OK, it’s final.

After some thinking, reading here and there, I have convinced myself to move to python as far as science is concerned.

One of the mean reasons is that there is this environment (“ecosystem” they call it), SciPy, in which my main concerns are answered.

- How many times have I looked for information on a language only to find about something I don’t care about. Like address books, what’s up with those? SciPy goes straight to the point: linear algebra, plotting and analysis, symbolic analysis…
- Already in the first lines, they are already discussing software I use: matlab, octave, emacs, xmgrace (one of the reasons of moving is the lack of progress in this fine 2D program)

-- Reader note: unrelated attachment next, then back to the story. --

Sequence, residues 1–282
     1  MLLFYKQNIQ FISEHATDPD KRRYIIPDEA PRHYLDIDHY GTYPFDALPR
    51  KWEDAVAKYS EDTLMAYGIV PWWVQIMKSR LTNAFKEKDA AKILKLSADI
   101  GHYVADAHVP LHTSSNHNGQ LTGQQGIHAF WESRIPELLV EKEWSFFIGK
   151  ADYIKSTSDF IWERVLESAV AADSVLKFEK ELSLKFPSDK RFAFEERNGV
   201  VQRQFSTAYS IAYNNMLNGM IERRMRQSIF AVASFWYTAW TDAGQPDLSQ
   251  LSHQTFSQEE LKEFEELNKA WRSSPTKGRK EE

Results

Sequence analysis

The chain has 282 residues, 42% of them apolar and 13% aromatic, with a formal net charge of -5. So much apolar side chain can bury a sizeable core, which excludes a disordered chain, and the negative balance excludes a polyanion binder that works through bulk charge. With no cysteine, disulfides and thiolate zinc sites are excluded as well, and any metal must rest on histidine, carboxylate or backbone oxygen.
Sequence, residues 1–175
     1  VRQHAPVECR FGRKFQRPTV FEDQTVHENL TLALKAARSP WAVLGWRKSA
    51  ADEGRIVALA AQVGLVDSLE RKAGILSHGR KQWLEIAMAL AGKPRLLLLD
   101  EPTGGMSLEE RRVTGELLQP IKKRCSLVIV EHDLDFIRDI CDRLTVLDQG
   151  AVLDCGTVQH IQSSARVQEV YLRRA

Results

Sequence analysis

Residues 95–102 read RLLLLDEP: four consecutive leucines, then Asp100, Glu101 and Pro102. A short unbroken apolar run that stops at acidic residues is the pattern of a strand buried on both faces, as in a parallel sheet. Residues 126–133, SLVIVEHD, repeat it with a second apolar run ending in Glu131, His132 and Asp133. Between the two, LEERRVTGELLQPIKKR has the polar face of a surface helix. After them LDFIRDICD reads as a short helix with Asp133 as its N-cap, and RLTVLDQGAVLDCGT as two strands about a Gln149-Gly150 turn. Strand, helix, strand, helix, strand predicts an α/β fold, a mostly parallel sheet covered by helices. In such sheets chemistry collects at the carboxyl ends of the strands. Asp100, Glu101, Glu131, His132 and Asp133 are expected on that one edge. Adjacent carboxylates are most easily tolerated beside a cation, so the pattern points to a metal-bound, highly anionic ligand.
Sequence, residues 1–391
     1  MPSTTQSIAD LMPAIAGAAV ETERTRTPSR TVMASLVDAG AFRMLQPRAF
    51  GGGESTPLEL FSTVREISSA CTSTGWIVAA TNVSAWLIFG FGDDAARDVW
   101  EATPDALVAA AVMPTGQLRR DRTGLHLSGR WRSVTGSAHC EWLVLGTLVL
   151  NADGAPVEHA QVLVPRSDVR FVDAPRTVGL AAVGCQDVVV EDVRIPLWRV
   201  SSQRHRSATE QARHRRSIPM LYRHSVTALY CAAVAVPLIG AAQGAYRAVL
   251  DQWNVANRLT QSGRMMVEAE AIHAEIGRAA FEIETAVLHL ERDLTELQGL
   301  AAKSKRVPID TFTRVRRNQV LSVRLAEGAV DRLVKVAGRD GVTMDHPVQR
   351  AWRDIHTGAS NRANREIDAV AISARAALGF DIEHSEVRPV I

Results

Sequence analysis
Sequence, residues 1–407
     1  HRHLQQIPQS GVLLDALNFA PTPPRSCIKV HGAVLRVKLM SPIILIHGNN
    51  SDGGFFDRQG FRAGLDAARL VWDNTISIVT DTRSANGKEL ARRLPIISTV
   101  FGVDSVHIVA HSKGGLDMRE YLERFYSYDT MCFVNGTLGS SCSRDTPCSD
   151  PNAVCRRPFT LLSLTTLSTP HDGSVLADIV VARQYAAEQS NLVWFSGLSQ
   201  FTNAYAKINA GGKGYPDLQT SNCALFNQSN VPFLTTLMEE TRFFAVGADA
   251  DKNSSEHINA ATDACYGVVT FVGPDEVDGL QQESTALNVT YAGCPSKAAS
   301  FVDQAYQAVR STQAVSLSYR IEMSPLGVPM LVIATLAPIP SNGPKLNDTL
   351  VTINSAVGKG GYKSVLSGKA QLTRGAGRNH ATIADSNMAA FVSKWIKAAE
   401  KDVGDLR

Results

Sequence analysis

Not long ago I wrote a list of scientific software that was interesting to have in linux. Now, if things go as planed I will only need:

### GRAPHS

- SciPy (matplotlib)
- Keep, just in case:
- gnuplot (it’s a standard, after all)

- Not replaceable:

### MATH, NUMERICS

### MATH,SYMBOLIC

### CFD

### LIBRARIES

- SciPy
- Not replaceable:
- Good ole C and C++

### PUBLISHING

### STATISTICS

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Yes! It’d be interesting to read some of those sources that you mention “convinced” you to adopt the python/scipy stack. Also what would have been your alternatives, and who’d been the runner-up? I found this article on the same topic interesting: http://metarabbit.wordpress.com/2013/10/18/why-python-is-better-than-matlab-for-scientific-software/